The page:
Explore the sites of the “big city” when you visit these venues:
Blair-Huse McAvoy Mansion
Chatillon-DeMenil Mansion
Field House Museum
Griot Museum of Black History
Magic Chef Mansion
Old Courthouse

Victorian Sites
See high society at its best when you visit these historic sites:
Blair-Huse McAvoy Mansion
Campbell House Museum
Hawken House
Mudd’s Grove
Tappmeyer Homestead
Thornhill & Faust Park

Soldiers Memorial Grand Reopening Nov 3

Explore St Louis article on Soldiers memorial
November 3
The grand reopening will begin with a 9 am concert honoring veterans, followed by a formal ceremony at 10 am. Brigadier General Jeannie M. Leavitt, a St. Louis native and the US Air Force’s first female fighter pilot, will give the keynote address.
Discover the new exhibits and explore the revitalized Soldiers Memorial and Court of Honor after the ceremony. The first 5,000 visitors will receive commemorative pins.
November 5–7
Enjoy a special musical performance of All Is Calm: The Christmas Truce of 1914, performed by Mustard Seed Theatre. Experience the story of soldiers who defied their commanders with a night of peace on the battlefield. Performances will take place daily at 3pm and 7pm, and the exhibits will remain open until the show begins each evening. Reserve your tickets at
November 10
Start your day at the 3rd annual St. Patrick Center Veterans Day 5K, which raises awareness for veteran homelessness. Afterward, head to Soldiers Memorial at 10am for the 35th Annual Regional Veterans Day Observance, a ceremony honoring area veterans. Stick around for the 35th Annual Veterans Day Parade, which will begin at 12pm at Chestnut St. and Tucker Blvd. and pass by Soldiers Memorial.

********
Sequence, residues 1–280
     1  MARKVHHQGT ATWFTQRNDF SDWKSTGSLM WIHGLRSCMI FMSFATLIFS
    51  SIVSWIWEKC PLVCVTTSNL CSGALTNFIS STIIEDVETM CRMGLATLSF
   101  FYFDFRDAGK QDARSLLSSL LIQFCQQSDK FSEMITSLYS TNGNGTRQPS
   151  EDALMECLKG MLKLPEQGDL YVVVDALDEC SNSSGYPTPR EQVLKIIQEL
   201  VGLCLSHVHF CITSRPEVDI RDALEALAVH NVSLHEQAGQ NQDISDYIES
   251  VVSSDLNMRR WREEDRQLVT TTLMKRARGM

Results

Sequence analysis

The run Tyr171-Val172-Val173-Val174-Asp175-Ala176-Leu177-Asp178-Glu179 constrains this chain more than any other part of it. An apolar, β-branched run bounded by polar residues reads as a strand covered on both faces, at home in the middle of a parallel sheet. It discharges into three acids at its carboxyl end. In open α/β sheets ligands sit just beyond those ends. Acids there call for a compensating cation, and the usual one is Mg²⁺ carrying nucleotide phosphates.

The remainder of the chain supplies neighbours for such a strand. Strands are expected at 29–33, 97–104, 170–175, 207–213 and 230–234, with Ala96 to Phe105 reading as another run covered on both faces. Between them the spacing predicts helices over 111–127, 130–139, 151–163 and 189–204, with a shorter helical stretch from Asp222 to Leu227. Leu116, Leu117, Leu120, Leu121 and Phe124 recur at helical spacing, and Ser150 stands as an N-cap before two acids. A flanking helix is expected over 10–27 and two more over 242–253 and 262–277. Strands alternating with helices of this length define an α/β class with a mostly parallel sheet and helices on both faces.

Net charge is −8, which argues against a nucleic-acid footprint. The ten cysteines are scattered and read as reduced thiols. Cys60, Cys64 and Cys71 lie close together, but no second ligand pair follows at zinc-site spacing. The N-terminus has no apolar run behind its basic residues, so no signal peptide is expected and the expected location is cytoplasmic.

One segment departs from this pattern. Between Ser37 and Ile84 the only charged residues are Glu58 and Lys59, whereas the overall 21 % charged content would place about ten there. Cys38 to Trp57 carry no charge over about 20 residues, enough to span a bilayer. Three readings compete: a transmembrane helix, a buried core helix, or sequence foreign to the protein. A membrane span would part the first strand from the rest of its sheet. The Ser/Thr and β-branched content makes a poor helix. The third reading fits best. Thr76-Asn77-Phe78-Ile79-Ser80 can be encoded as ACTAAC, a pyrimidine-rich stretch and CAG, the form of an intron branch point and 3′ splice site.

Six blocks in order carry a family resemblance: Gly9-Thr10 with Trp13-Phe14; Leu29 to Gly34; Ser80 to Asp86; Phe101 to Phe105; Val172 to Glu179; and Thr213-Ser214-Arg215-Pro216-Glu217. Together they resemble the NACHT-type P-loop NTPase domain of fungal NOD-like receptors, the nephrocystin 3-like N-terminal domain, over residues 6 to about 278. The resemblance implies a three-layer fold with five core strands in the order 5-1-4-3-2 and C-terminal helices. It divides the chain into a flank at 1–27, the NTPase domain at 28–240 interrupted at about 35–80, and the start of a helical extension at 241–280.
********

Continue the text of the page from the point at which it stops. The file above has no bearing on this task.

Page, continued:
November 11
The armistice that ended hostilities during World War I was signed on the 11th hour of the 11th day of the 11th month of 1918. To commemorate the centennial of this important moment, join representatives of the American Legion 11th and 12th District for their annual veterans ceremony and wreath laying, starting at 10:55am.
For additional activities taking place between November 3 and 12, please visit
Help commemorate the grand reopening of the revitalized Soldiers Memorial Military Museum, beginning with a musical arrangement honoring veterans. A formal ceremony will follow, with remarks from veterans and civic leaders. After the ceremony, stay to explore the new exhibits and the renovated museum. This event is free and open to the public.

The first 5,000 visitors to Soldiers Memorial will receive commemorative pins. Additionally, the US Postal Service will conduct a stamp cancellation commemorating the grand reopening of Soldiers Memorial from 11am to 1pm.

Food trucks will be available from 8am to 2pm.

American Sign Language interpretation will be provided at this program.

1315 Chestnut St.
St. Louis, MO 63103

9am: Concert
10am: Formal opening ceremony
11am: Soldiers Memorial opens to the public
The grand reopening will begin at 9 a.m. with a concert honoring veterans, followed by a flag raising. The formal ceremony, featuring remarks from veterans and civic leaders, will begin at 10 a.m. American Sign Language interpretation will be provided.